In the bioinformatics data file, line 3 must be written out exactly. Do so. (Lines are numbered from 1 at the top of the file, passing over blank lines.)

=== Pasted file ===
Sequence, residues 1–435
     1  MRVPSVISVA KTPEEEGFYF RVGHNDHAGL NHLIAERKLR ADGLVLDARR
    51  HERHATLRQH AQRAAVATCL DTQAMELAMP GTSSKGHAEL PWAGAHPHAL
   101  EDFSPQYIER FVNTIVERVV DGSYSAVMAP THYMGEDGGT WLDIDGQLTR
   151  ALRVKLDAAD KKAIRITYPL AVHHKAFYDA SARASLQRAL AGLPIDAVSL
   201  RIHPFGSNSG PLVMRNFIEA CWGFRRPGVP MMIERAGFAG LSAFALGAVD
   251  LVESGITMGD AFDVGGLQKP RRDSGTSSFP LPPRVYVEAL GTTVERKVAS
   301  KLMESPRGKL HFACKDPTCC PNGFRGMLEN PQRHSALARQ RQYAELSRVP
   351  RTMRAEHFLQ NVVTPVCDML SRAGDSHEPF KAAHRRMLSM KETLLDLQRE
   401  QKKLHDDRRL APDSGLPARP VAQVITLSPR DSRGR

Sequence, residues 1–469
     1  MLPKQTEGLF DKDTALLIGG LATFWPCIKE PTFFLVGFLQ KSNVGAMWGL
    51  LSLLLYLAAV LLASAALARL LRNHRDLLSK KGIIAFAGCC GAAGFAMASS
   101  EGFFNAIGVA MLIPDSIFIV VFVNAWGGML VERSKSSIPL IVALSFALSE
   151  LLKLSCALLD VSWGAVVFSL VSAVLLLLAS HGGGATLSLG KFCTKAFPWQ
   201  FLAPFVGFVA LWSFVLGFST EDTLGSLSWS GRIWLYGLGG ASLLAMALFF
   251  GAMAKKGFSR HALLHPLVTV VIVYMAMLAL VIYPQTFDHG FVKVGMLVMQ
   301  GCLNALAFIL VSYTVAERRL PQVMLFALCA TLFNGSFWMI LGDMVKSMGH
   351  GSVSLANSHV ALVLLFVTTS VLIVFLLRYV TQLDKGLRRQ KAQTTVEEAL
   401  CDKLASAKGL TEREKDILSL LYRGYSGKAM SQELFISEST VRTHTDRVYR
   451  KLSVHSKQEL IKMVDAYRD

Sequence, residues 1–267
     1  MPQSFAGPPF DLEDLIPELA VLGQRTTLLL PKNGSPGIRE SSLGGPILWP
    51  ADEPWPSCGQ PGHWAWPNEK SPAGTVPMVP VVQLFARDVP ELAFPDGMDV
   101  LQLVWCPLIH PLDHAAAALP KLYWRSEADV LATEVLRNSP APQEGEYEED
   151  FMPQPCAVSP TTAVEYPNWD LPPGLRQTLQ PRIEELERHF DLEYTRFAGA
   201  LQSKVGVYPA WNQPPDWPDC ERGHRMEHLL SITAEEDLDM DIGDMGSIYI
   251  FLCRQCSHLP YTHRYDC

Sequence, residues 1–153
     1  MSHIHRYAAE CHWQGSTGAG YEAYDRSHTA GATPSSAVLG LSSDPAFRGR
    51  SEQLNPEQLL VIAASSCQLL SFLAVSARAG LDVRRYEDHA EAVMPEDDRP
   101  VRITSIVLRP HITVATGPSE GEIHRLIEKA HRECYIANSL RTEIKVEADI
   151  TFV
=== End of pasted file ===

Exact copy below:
    51  HERHATLRQH AQRAAVATCL DTQAMELAMP GTSSKGHAEL PWAGAHPHAL